Sunday, July 01, 2012

Multiplicity Adjustments: Gatekeeping, fixed-sequence, and fallback procedures

The multiplicity issue has evolved in last several years and a lot of new procedures have been proposed mainly in handing the issues encountered in the clinical trial and the drug development area.
EMA/CHMP recently released a "Concept paper on the need for a guideline on multiplicity issues in clinical trials" for seeking the public comments. In the introduction of this concept paper, it mentioned some new procedures
“The guideline is not to give advice on technical questions related to a new methodology. However, the increasing complexity of hypothesis frameworks and methods used may result in new issues and pose questions on general principles that haven’t been considered before. These include consistency problems, the construction of simultaneous confidence intervals and the usefulness of newly developed methods e.g. gatekeeping and fallback procedures as well as graphical solutions in the regulatory context.”
It is necessary to differentiate the differences among three new procedures for multiplicity adjustment:
  • Gatekeeping procedure
  • Fixed sequence procedure
  • Fallback procedure
All these three procedures are mainly designed to deal with the issue with multiple endpoints (including the primary endpoints and the secondary endpoints).

Gatekeeping Procedure is used in the situation when there are multiple endpoints and these multiple endpoints are grouped into different families. For example, a clinical trial will typically have one or more primary endpoints (family for primary endpoints) and have multiple secondary endpoints (family for secondary endpoints). If there are many secondary endpoints, the secondary endpoints can be further divided into multiple secondary different families. With gatekeeping procedure, the families are tested in a sequential manner and the tests for subsequent families will be performed only if the tests for the previous family is significant. In other words, the families of hypotheses examined earlier serve as gatekeepers. While the term ‘gatekeeping procedure’ may not used, this approach has been implemented in many clinical trials, especially in the regulatory setting. It is very typical that the secondary endpoints will only be tested only if the primary endpoint is tested significantly. In this way, the alpha-level for primary efficacy endpoints will be tested at alpha=0.05 level and not be compromised due to the consideration of the secondary endpoints.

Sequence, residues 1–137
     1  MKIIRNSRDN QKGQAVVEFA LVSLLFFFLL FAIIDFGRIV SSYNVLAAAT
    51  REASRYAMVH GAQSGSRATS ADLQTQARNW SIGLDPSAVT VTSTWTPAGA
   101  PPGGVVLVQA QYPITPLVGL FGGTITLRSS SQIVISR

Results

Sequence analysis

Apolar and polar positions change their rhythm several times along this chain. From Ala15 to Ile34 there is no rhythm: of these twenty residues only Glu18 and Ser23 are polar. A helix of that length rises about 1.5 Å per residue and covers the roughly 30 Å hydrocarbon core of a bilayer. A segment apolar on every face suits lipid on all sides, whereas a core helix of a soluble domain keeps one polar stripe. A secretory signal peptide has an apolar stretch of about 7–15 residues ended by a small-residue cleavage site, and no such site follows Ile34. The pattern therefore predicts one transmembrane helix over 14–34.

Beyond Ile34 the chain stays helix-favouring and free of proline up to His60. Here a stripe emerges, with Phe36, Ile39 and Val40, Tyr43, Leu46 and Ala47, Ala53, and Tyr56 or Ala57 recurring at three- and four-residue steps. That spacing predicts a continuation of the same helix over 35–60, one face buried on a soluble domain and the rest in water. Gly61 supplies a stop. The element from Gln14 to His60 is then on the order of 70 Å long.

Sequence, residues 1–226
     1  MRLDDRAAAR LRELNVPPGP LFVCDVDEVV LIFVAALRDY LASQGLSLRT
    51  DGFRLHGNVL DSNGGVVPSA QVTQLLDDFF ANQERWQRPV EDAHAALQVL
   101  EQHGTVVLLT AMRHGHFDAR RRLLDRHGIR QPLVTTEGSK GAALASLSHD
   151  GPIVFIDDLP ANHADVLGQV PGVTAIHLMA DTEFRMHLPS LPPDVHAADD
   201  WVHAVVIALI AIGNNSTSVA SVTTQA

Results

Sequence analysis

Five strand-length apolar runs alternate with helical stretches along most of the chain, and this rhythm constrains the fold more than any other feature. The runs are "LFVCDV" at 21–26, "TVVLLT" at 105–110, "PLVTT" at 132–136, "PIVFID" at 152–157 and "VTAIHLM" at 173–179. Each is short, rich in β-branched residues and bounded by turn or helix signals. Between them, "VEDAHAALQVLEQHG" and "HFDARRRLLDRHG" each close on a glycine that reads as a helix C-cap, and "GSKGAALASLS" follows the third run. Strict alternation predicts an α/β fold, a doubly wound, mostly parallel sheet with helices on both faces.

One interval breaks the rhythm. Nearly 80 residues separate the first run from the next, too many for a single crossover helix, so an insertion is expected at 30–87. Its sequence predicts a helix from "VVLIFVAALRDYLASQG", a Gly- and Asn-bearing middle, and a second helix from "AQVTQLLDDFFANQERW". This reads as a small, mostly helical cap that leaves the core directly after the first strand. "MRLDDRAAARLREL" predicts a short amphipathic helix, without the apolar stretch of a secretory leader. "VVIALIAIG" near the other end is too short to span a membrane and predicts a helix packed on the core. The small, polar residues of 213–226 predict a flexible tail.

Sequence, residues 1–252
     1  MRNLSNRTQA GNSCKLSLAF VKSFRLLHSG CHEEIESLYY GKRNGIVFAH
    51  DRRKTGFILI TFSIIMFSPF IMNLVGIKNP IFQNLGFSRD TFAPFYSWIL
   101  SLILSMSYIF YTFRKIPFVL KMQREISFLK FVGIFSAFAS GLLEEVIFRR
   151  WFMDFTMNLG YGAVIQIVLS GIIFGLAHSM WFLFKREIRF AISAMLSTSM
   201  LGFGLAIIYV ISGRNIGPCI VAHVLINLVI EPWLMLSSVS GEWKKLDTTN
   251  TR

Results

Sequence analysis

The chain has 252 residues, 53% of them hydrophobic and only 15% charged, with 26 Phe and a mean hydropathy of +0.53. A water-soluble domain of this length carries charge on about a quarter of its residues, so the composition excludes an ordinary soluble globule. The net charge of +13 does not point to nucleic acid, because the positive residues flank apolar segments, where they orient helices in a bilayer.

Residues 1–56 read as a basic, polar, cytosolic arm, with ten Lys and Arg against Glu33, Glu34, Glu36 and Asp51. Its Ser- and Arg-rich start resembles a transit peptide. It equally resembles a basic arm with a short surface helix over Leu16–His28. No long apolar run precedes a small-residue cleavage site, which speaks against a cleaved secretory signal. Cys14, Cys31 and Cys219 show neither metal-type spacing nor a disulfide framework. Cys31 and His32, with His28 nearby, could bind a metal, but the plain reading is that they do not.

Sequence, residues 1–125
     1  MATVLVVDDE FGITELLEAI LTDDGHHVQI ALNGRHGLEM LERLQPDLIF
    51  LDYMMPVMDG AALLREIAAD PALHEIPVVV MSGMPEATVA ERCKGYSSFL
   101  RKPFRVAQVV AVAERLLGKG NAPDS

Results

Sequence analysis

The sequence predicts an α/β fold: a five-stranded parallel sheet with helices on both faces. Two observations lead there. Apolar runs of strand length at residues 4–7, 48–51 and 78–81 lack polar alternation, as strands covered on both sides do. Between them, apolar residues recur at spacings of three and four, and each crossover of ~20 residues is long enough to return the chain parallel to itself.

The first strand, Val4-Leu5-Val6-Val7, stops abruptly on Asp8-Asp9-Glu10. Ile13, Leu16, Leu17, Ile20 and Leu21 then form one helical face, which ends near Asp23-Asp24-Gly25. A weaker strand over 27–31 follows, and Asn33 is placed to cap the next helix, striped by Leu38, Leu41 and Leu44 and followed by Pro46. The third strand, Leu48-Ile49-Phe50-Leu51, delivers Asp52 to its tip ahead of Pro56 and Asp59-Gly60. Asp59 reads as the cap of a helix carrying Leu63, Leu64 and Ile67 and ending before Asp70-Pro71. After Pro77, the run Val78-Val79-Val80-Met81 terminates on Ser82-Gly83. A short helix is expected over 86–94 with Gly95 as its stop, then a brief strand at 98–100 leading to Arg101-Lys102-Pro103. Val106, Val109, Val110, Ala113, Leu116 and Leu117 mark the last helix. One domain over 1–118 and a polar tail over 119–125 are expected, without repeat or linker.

• The website maintained by Alex Dmitrienko et al contains a lot of useful information about the gatekeeping procedures. 
  •  A slide presentation by Branching tests in clinical trials with multiple objectives is helpful in understanding the gatekeeping procedure.
  •  The gatekeeping strategy is used in NDA 22-554 GI Drugs Advisory Committee Meeting NDA 22-554 Xifaxan (Rifaximin) where the secondary endpoints were grouped as “Key Secondary Endpoints” and “Other Secondary Endpoints”. Key secondary endpoints are those designated as most clinically important with pre-specified order for their analysis. P-values and confidence intervals for all other analyses are presented with NO adjustment for multiplicity. Nominal p-values and confidence intervals are consequently exploratory and cannot be used as a basis for efficacy claims in the product label if approved.